Would-Be EB5 Investment Visa Project Put on Hold in Florida
It looks like an EB5 investment visa project that was supposed to fund a downtown city center in Port St. Lucie, Florida won’t be receiving any funds through the program. The Chinese developer who had pledged to secure the funds sent a letter to the city a couple of weeks ago canceling her commitment.
This from WPTV in West Palm Beach, Florida:
by Bryan Garner
PORT ST. LUCIE, Fla. – Through her attorney a Chinese developer sent a one line letter to Port St. Lucie officials:
“Please be advised that U.S. Investments, LLC hereby cancels the above referenced Contract for Sale and Purchase of the City Center parcels, effective immediately,” reads the letter.
The developer, Lily Zhong, told Port St. Lucie city council members last month she was charmed by the city’s “very peaceful and friendly” atmosphere.
She told the council she could attract potentially hundreds of Chinese investors to put down at least $500,000 each to help develop the City Center property, which is slated to become Port St. Lucie’s future downtown.
The news was encouraging to the council, which has been trying to attract investors to the property ever since its first developer, George de Guardiola, defaulted on his payments in 2009, sending the property into foreclosure.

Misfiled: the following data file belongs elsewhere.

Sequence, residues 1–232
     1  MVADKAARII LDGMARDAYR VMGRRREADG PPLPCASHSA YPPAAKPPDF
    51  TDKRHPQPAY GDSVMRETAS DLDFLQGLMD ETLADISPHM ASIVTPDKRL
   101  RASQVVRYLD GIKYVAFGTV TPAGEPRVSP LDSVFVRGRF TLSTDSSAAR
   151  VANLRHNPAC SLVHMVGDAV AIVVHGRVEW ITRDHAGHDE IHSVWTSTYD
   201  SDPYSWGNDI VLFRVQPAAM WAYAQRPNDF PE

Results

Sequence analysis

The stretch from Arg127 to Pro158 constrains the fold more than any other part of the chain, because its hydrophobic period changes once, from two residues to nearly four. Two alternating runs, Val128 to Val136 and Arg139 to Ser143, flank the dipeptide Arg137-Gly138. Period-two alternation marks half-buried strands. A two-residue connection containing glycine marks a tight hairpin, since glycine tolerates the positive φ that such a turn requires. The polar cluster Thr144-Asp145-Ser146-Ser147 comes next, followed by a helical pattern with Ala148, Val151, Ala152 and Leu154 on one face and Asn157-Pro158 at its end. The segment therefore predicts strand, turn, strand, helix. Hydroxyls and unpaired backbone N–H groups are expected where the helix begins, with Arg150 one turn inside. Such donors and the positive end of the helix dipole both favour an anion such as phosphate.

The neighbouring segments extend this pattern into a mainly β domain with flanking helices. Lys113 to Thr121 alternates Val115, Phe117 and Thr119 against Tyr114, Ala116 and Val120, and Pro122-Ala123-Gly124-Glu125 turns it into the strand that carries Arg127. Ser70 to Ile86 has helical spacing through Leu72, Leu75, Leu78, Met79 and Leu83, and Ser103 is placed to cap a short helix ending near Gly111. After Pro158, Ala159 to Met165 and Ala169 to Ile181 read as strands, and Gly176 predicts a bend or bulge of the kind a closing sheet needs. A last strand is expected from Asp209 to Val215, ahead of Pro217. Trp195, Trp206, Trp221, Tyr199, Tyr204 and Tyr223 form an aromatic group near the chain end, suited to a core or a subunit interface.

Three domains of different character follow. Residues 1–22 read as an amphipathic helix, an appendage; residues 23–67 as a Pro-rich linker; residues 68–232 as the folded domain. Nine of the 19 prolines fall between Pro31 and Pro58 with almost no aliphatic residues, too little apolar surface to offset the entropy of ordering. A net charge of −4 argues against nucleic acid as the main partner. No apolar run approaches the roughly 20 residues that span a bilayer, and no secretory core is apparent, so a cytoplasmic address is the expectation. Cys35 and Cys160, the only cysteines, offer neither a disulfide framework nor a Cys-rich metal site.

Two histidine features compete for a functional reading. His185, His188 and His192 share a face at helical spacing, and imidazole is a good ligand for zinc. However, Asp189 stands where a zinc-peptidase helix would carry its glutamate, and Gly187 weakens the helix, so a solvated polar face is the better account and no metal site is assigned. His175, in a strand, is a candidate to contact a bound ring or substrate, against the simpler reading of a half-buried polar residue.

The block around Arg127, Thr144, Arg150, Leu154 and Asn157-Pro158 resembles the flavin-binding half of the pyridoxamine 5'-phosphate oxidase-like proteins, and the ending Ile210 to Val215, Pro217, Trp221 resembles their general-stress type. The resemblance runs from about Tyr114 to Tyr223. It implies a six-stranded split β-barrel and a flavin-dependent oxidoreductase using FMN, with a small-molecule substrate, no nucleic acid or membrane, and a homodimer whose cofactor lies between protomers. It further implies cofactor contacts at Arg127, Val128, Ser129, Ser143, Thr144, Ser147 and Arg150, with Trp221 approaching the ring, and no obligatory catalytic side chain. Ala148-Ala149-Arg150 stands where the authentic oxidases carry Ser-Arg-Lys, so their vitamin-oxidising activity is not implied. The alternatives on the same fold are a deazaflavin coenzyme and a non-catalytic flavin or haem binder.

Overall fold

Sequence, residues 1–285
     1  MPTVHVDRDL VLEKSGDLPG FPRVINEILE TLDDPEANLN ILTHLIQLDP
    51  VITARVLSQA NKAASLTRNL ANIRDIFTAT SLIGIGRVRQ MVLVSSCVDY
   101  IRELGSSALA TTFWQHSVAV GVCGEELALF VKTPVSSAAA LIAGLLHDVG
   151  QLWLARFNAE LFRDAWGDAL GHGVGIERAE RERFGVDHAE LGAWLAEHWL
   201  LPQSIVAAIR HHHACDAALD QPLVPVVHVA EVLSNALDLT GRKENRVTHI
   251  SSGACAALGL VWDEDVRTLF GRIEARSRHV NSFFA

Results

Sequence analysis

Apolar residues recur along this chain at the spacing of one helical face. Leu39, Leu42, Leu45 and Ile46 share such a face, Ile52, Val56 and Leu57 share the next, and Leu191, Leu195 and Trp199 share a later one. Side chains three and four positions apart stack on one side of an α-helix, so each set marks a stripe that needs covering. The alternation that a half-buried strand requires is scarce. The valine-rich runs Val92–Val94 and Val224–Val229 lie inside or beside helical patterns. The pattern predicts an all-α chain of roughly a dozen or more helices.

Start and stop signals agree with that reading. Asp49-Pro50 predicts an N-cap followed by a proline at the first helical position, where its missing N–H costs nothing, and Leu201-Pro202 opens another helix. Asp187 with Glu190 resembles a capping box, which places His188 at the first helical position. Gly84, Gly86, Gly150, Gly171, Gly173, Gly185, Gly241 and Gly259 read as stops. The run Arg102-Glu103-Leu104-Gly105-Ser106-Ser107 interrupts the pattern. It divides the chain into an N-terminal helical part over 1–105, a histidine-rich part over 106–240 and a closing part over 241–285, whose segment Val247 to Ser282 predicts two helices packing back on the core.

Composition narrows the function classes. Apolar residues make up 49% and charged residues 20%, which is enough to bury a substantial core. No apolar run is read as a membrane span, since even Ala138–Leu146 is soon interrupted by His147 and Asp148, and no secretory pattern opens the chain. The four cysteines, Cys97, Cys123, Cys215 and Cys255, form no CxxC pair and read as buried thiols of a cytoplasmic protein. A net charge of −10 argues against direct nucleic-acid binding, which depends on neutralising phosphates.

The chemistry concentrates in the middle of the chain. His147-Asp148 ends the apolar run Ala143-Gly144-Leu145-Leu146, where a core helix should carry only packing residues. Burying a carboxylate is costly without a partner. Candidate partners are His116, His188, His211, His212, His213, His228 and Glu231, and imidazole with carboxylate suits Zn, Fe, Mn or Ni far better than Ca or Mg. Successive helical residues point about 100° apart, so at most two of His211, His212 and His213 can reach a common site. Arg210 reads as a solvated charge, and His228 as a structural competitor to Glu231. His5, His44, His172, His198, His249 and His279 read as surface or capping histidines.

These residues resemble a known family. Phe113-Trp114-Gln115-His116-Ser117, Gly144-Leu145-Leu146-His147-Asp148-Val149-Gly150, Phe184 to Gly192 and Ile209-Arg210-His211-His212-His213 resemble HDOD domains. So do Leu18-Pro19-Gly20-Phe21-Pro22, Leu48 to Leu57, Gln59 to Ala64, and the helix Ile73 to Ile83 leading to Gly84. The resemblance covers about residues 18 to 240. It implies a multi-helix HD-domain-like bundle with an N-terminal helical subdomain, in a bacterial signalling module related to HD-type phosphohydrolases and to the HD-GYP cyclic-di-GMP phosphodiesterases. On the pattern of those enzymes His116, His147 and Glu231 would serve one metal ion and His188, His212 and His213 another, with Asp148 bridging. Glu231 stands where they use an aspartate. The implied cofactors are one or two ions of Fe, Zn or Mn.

Without another investor, the property will go to auction in December of this year.
Zhong’s attorney, Karen Mentor of Hobe Sound, said there were two main reasons the deal fell through.
First, she said her client was not aware that city assessments on the property – which could run between $1.4 and $1.7 million a year – would be payable as soon as early 2011. Mentor said her client thought the payments, which go to service bonds on the property, would be payable at a later date, when more investors were involved in the project.
Secondly, Mentor said, “The Chinese stock market has been really rather rocky the last couple of weeks,” and that has impacted the 7-8 investors who were lined up for the City Center project.
She said Zhong has been communicating via Skype with these investors over the past several weeks, leading up to her announcing they were pulling out of the deal on Tuesday.
Zhong originally said one of the incentives to the deal was promise of expedited green cards for her potential investors. A U.S. government program provides a fast-tracked green card to eligible foreign investors who put down at least $500,000 to create at least 10 American jobs.
Mentor said her client applied for the program, known as EB-5, but has not yet received approval from the U.S. government.
Photo courtesy of http://commons.wikimedia.org/wiki/File:Port_St._Lucie_Metropolitan_Area.png
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